I also wonder if we also have “normalcy boxes”: how much of journey do we need to make to have our conventional understanding of the world challenged and then start looking through other lenses and accepting other frameworks.

No matter what type of box, until we acknowledge there’s a “beyond the box” we’ll forever remain inside our current box. And the interior of that box will grow in size, making the distance to its edges longer.

While I want to analyze the other racial dynamics at play, the only one that matters is the big one, the one I recognized immediately and then ignored: White Fragility.

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Show of hands: who would be significantly unsettled, if not be completely terrified, by the idea of handing over your organizational social account to stranger for a day? Login, password, the whole kit and caboodle?

I’m not saying this is you, current hand raiser, but I was reminded that this is still viewed as a highly risky digital-based audience engagement strategy. Why? Because in the end we in the arts are more concerned about maintaining control than we are about engagement.

13698055_10209328921352477_3418008333301346286_oLast week I had the pleasure of running a session (twice) at the Arts Marketing Association U.K. conference I cheekily call “Eff-Up the Pop-Up” (first iteration developed at NAMP). It’s targeted toward arts managers interested in interacting more meaningfully with current audiences and/or audiences “inclined toward coming through the door.”

The session was developed on these assumptions:

  • We get stuck in habits of practice.
  • We don’t approach our work creatively, like artists.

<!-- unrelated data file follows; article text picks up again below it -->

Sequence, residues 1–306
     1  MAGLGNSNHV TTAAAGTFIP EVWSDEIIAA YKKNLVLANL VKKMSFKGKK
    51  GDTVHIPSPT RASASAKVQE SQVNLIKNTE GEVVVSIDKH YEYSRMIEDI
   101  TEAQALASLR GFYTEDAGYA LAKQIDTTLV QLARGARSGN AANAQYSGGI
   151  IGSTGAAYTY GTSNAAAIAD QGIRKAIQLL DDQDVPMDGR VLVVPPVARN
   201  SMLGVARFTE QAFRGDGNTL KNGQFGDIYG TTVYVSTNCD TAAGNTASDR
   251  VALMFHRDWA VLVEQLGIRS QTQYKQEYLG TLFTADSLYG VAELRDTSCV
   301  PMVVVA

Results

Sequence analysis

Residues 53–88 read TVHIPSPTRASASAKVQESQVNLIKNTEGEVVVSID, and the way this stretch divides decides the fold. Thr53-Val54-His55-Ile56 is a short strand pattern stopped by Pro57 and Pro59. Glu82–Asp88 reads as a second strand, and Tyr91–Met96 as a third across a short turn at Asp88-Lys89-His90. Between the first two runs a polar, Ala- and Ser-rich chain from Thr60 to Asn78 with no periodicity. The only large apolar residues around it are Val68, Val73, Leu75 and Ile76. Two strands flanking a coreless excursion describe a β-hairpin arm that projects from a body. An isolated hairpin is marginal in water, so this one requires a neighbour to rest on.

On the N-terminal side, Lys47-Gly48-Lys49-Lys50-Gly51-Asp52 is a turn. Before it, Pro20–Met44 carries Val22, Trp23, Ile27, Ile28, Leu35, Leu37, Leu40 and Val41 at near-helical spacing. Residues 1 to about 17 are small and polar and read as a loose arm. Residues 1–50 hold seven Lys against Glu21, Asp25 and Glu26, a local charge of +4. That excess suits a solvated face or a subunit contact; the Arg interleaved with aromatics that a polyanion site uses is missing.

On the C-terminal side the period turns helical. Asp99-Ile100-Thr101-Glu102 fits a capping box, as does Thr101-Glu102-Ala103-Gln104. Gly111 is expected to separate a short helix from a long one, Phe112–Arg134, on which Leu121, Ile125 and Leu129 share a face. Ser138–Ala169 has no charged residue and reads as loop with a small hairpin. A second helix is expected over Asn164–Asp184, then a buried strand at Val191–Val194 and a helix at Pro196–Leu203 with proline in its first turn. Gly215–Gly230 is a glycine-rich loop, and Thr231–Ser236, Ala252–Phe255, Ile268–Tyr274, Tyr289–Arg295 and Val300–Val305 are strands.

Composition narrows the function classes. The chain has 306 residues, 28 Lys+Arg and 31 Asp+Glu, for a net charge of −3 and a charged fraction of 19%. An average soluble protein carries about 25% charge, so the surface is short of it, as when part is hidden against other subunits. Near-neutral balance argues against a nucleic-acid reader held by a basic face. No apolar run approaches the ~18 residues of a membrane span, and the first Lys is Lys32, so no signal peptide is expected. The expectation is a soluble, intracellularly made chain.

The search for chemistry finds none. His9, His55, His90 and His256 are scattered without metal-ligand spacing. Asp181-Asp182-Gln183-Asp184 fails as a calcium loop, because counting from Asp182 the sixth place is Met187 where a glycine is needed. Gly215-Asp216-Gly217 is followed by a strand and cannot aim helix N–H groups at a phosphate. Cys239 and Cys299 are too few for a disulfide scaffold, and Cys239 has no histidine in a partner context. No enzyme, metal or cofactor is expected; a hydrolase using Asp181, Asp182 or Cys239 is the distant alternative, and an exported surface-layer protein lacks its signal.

• We interact with audience as a monolithic whole, not as collection of individuals with different behavior patterns.
  • We adopt audience engagement programs and practices, and deploy them regularly, without analyzing whether they’re right for the artist, artwork(s), types of engagers in our audience, or the impact we want to have.
  • We want to be in control more than we want to engage.

I shared with attendees that our jobs are to consider how we can develop a sweep of activities that would more intimately entangle the art, audience, and artist (which includes the producing or curating organization). Every artwork presents us with a new opportunity; we need to consider how to develop a number of new entry points for different types of engagers to entangle themselves. We can do this by “effing-up” strategies used before, but keeping in mind who we want to engage and the impact we are interested having this time around. But what we can’t do is control the outcome, we can simply create the platform (or platforms).

I gave an example before we moved into the practical “effing-up” section of the workshop. And this is where unconscious prioritizing of “maintaining control” surfaced.